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Human immunodeficiency virus (HIV) infection and infective endocarditis are serious complications of injection drug use. To determine whether HIV infection may increase the risk of endocarditis beyond that associated with drug injection, we performed a nested case-control study among injecting drug users taking part in an ongoing cohort. We identified 26 participants with infective endocarditis between cohort enrollment (in 1988-1989) and June 1992, through reviews of medical records and death certificates. We matched each endocarditis case with up to five controls (N = 120) on enrollment date, race/ethnicity, and follow-up time. Data were taken from baseline and from the one follow-up visit: the last visit before the endocarditis occurred for cases and the closest visit (+/- 3 months) for controls. We used conditional logistic regression to quantify the association between HIV serostatus at follow-up and subsequent endocarditis, after adjusting for a history of endocarditis or sepsis before enrollment, injection duration, current injection frequency, and a recent history of abscess at injection sites. Among current injectors at follow-up, the adjusted odds ratio (OR) of developing endocarditis for HIV-seropositive subjects with > or = 350 CD4 cells per microliter, compared with HIV-seronegative subjects, was 2.31 [95% confidence interval (CI) = 0.61-8.78]; the corresponding OR for HIV-seropositive subjects with < 350 CD4 cells per microliter was 8.31 (95% CI = 1.23-56.37). These data indicate that HIV-related immunodeficiency may independently increase the risk of infective endocarditis among injecting drug users.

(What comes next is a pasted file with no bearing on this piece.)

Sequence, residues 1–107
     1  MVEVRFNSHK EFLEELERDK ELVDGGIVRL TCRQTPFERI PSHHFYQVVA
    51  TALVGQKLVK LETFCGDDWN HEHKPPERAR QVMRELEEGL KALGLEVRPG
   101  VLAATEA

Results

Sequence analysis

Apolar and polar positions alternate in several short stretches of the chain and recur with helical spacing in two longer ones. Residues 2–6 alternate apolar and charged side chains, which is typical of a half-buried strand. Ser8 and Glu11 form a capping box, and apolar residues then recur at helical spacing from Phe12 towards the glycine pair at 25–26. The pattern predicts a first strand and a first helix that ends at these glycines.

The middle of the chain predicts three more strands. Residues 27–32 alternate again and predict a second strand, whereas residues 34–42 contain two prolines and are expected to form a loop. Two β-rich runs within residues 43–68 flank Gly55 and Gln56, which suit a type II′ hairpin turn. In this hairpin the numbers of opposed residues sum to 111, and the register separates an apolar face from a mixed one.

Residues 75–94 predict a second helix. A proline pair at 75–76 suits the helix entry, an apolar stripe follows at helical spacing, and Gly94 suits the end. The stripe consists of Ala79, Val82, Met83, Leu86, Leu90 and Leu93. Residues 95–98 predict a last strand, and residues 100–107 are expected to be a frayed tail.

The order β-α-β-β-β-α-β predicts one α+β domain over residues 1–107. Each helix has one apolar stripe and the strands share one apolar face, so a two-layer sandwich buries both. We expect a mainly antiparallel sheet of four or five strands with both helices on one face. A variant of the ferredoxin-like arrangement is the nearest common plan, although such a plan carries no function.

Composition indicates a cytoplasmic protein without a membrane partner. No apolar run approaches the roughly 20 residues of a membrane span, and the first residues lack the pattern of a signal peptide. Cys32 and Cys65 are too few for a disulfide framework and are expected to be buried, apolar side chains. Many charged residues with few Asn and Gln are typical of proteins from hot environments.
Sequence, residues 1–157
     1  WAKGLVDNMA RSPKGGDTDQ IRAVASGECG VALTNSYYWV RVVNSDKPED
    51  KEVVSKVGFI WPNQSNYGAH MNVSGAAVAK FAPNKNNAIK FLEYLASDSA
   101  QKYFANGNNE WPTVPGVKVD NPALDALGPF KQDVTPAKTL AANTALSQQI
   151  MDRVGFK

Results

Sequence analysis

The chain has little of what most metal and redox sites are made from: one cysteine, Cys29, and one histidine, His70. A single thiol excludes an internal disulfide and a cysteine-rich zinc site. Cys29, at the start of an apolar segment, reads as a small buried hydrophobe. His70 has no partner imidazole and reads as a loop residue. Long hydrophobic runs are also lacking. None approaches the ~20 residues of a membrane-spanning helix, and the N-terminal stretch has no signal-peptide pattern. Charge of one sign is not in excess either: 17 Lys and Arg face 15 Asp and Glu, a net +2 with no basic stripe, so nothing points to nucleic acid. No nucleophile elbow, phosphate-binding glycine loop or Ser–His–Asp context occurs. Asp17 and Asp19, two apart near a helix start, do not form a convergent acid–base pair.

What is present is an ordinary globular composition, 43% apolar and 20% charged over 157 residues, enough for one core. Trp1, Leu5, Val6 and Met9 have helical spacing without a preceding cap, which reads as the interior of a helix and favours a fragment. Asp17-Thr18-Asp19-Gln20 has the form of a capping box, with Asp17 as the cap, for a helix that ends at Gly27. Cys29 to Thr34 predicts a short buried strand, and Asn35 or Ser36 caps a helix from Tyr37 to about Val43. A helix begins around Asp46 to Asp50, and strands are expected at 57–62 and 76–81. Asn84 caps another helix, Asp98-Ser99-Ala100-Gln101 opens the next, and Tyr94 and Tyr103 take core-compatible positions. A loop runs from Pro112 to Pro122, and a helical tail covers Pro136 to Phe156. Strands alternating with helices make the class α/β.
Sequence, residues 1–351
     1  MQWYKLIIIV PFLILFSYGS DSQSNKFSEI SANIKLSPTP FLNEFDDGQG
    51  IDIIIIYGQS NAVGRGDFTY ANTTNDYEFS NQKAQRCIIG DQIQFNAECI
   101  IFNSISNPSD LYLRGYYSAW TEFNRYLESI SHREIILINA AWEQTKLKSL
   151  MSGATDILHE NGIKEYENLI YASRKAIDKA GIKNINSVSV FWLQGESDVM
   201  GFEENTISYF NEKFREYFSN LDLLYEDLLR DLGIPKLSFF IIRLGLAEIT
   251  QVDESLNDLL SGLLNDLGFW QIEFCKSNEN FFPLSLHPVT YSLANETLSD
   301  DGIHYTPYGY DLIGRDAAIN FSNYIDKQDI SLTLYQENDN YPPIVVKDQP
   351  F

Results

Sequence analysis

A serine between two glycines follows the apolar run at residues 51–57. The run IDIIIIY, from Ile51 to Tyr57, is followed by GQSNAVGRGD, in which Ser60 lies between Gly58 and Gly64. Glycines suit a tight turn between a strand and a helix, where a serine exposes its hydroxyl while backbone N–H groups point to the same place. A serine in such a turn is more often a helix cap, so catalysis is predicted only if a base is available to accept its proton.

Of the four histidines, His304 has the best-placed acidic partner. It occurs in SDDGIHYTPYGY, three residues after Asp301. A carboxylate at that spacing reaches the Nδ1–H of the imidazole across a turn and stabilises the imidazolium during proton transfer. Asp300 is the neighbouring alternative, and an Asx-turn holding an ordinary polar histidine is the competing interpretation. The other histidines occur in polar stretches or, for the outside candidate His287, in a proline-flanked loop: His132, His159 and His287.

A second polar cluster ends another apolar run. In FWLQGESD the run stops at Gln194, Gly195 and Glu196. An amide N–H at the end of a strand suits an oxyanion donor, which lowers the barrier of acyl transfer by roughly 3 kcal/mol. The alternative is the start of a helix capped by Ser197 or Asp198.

Original publication




Journal article



Publication Date





566 - 570


Adult, CD4 Lymphocyte Count, Case-Control Studies, Endocarditis, Female, HIV Infections, Humans, Logistic Models, Male, Middle Aged, Multivariate Analysis, Poisson Distribution, Risk Factors, Sepsis, Substance Abuse, Intravenous